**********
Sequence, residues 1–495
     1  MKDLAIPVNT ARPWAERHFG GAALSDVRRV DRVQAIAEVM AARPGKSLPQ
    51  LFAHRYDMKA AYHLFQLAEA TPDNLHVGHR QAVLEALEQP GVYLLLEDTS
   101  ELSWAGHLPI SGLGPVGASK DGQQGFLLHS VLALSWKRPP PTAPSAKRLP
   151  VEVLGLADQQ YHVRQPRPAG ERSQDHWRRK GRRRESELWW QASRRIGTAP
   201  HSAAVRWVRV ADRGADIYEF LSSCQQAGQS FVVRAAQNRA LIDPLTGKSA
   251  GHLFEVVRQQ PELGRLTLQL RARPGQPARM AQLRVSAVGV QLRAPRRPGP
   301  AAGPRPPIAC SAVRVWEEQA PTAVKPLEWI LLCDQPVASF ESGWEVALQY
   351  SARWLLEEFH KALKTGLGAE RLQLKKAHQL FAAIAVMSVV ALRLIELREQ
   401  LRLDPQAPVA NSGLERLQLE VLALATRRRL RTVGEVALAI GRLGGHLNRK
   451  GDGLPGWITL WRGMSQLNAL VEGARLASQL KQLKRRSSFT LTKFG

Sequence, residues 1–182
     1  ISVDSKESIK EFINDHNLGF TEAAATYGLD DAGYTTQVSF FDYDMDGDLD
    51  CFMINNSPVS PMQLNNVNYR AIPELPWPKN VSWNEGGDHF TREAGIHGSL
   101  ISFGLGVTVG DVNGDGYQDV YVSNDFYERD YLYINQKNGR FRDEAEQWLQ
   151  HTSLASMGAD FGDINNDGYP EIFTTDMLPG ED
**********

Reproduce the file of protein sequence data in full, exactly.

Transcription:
Sequence, residues 1–495
     1  MKDLAIPVNT ARPWAERHFG GAALSDVRRV DRVQAIAEVM AARPGKSLPQ
    51  LFAHRYDMKA AYHLFQLAEA TPDNLHVGHR QAVLEALEQP GVYLLLEDTS
   101  ELSWAGHLPI SGLGPVGASK DGQQGFLLHS VLALSWKRPP PTAPSAKRLP
   151  VEVLGLADQQ YHVRQPRPAG ERSQDHWRRK GRRRESELWW QASRRIGTAP
   201  HSAAVRWVRV ADRGADIYEF LSSCQQAGQS FVVRAAQNRA LIDPLTGKSA
   251  GHLFEVVRQQ PELGRLTLQL RARPGQPARM AQLRVSAVGV QLRAPRRPGP
   301  AAGPRPPIAC SAVRVWEEQA PTAVKPLEWI LLCDQPVASF ESGWEVALQY
   351  SARWLLEEFH KALKTGLGAE RLQLKKAHQL FAAIAVMSVV ALRLIELREQ
   401  LRLDPQAPVA NSGLERLQLE VLALATRRRL RTVGEVALAI GRLGGHLNRK
   451  GDGLPGWITL WRGMSQLNAL VEGARLASQL KQLKRRSSFT LTKFG

Sequence, residues 1–182
     1  ISVDSKESIK EFINDHNLGF TEAAATYGLD DAGYTTQVSF FDYDMDGDLD
    51  CFMINNSPVS PMQLNNVNYR AIPELPWPKN VSWNEGGDHF TREAGIHGSL
   101  ISFGLGVTVG DVNGDGYQDV YVSNDFYERD YLYINQKNGR FRDEAEQWLQ
   151  HTSLASMGAD FGDINNDGYP EIFTTDMLPG ED